PEORIA — Work on an agreement to refinance the Pere Marquette hotel — and keep its Marriott affiliation — became more difficult last week when officials at Caterpillar Inc. announced the company's headquarters would move to Chicagoland, developer Gary Matthews said Tuesday.

"The news, of course, was not helpful from Caterpillar," Matthews said.

Peoria taxpayers have a stake in the project, both through a multimillion-dollar loan to Matthews and through millions more in bonds issued for the project that are paid for from tax revenue coming from the hotel.

Meanwhile, another hotel that Matthews was involved in developing filed for bankruptcy reorganization in federal court Tuesday morning.

Uncertainty at the Pere

The ultimate success of the Pere's refinancing push that Matthews had hoped to close by month's end still remains in question. Though he indicated that the overseas bank he had been working with had "not completely" withdrawn, the developer said he also has been trying to parley with the banks that currently hold the loans on the project in an effort to "refinance with them at lower interest rates."

Matthews had been grappling with negotiations on a refinancing deal for months prior to Caterpillar's announcement. Those efforts had resulted initially in a Jan. 23 deadline to reach a deal or face the loss of the Marriott flag on the property, and later saw an extension through the end of February.

He said Tuesday that among his work now was "trying to negotiate a longer deadline," indicating that a closing on the refinancing might not be imminent.

"I'm going to do everything I can to pull it through," he said.

As he did last week, Matthews again challenged the notion that the departure of top Caterpillar executives would create problems at the Pere.

"We have not had any cancellations with Caterpillar on group events. As far as we're concerned, the impact is going to be minimal," he said, noting the brisk traffic the facility did with vendors and other business visitors to the industrial giant.

Caterpillar officials confirmed Tuesday evening that in 2016 they hosted nearly 9,000 customers and dealers to the Peoria region on top of other business travelers and employees that came to the region for meetings and work.

"Peoria will remain one of our most important sites, not only because it is home to our largest concentration of employees, but also because it will continue to be an important site for visits from our customers and dealers around the globe. It remains in Caterpillar's best interest to have a respected hotel brand located near so many of our flagship facilities," the company said in a statement.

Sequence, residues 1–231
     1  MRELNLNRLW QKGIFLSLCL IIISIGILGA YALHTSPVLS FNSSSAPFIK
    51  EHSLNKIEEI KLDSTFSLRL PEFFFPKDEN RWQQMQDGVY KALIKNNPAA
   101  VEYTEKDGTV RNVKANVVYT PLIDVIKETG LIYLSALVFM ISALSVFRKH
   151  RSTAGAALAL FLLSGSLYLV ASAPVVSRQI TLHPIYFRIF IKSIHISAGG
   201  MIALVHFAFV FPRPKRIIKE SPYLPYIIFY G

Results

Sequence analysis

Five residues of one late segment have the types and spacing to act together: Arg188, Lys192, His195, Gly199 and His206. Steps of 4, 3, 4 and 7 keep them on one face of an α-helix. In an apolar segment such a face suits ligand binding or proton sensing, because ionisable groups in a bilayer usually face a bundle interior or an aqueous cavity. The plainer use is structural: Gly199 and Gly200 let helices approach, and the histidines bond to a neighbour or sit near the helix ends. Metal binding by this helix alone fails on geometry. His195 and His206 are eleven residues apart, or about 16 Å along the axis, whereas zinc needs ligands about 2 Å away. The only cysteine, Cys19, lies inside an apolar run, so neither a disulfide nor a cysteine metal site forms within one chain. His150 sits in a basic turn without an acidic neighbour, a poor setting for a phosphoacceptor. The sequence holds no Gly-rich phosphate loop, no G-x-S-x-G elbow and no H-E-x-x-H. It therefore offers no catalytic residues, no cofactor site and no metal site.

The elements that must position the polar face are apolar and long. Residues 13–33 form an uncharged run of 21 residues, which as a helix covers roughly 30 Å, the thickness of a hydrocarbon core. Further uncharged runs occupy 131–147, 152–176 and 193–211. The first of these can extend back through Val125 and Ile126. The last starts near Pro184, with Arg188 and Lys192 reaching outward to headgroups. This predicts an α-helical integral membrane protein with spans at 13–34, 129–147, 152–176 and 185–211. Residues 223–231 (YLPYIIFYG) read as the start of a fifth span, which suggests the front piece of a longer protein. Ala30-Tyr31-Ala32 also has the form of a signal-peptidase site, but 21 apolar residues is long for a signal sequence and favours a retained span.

Peoria City Manager Patrick Urich called the continued uncertainty at the Pere "unfortunate," and said he hoped for a successful resolution.

"We're hopeful still that Mr. Matthews is able to restructure his debts to keep the hotel a growing concern."

In East Peoria

Also on Tuesday a separate company Matthews is involved with, EM Lodgings LLC, filed for Chapter 11 bankruptcy reorganization in federal court.

That company — separate from Matthews' EM Properties that is involved with the Pere — oversaw the Fairfield Inn and Suites at 200 Eastlight Court in East Peoria. That brand is also Marriott affiliated.

The bankruptcy — under which the hotel will continue to operate while legal work with creditors continues — comes after a separate filing in state court for foreclosure on the property by National Cooperative Bank.

Matthews said that he is not behind on payments for that hotel, where he described his role as that of a minority investor. However, he said that several problems together have dogged the facility.

Restructuring at Caterpillar and its consequent staff reductions over the last several years played a part, he said, since the site catered to company vendors.

"Those are our kind of guests," he said, acknowledging that "last year was not a great year, not for hotels."

He said that increased competition from several other new, similarly sized hotels in East Peoria also put a pinch on the facility, as did costs from renovations mandated by Marriott for the property.

This is not the first time that Matthews has faced financial problems in court. In 2014, he and business partner Monte Brannan and their associated companies, including EM Properties, faced foreclosure proceedings on some of his Tazewell County properties for defaulting on several mortgage payments. That included his signature GEM Terrace office building now occupied by Cullinan Properties.

Chris Kaergard covers politics and government. He can be reached at ckaergard@pjstar.com and 686-3255. Follow him at twitter.com/ChrisKaergard.